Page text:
Finally, hard-line traditionalists have a more philosophical objection to karate in the Olympics. The unabashed quest for personal glory that marks the modern Games is a betrayal of karate’s true spirit, they argue. Many Japanese teachers bristle at the idea of calling karate a “sport” at all. “In a Western-style sport, the aim is gaining victory at all costs,” says Thompson. “In Japan, even when you’re sparring, karate is not just about gaining a point—it’s about how you do it.” It is a cultural difference, he adds: “In Western sports, it’s OK to cheer when you win, to appeal to the audience, punch your arm. In karate, that is strictly forbidden. You would be immediately disqualified! You have to show respect for your opponent at all times.”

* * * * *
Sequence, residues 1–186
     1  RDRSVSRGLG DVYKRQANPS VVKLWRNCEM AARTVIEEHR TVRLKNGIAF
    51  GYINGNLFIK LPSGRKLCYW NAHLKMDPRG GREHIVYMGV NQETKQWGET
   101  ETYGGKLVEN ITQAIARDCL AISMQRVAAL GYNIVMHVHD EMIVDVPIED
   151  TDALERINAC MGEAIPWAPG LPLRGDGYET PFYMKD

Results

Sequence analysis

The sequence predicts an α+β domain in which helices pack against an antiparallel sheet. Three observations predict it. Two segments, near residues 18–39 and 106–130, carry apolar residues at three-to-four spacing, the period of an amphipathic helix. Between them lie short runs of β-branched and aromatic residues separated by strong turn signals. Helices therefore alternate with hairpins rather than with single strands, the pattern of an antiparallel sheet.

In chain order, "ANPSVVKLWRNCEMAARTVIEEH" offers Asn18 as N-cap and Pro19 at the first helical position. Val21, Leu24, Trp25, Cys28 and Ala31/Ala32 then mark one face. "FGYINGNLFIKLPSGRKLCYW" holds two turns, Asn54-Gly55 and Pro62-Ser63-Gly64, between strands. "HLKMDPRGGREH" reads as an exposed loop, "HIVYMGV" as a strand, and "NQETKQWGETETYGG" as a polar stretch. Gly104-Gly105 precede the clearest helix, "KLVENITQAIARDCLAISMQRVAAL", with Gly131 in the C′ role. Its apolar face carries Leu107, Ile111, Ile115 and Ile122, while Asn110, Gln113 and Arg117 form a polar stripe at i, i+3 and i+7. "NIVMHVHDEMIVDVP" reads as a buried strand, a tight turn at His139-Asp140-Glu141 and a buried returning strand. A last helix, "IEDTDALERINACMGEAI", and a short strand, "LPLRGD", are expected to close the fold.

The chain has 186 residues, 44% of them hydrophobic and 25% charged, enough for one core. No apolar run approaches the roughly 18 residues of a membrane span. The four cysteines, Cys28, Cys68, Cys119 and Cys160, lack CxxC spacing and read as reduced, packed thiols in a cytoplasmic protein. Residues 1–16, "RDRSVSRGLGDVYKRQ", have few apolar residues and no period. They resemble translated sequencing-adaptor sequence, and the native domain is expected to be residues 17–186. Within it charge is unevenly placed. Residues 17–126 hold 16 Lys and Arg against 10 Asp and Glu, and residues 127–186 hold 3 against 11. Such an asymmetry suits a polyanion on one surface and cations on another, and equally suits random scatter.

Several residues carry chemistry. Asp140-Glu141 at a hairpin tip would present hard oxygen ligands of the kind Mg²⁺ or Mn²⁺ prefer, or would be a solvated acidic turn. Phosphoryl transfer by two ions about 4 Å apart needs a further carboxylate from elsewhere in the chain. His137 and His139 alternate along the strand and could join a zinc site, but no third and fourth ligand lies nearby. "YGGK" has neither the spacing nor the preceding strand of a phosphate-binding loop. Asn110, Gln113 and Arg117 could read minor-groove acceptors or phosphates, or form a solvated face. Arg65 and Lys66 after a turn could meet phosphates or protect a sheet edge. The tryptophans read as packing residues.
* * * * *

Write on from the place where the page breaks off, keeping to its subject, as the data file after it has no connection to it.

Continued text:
“True karate is about competing with yourself, not with other people,” agrees Da Luz of the Okinawa Karate Information Center. This also makes it a lifetime practice: “Tournaments are not a bad thing for young people. It’s an experience. But you can’t do it all your life. In Okinawa, many karate masters continue into their 80s. It’s not a sport but a part of our culture, like dance or playing the three-stringed lute.” The Germany-based trainer Ryan Hayashi says, “Karate feels like attending a wedding or being an altar boy. Tradition flows through you.” By focusing on competition, he suggests, “karate runs the risk of losing its soul.”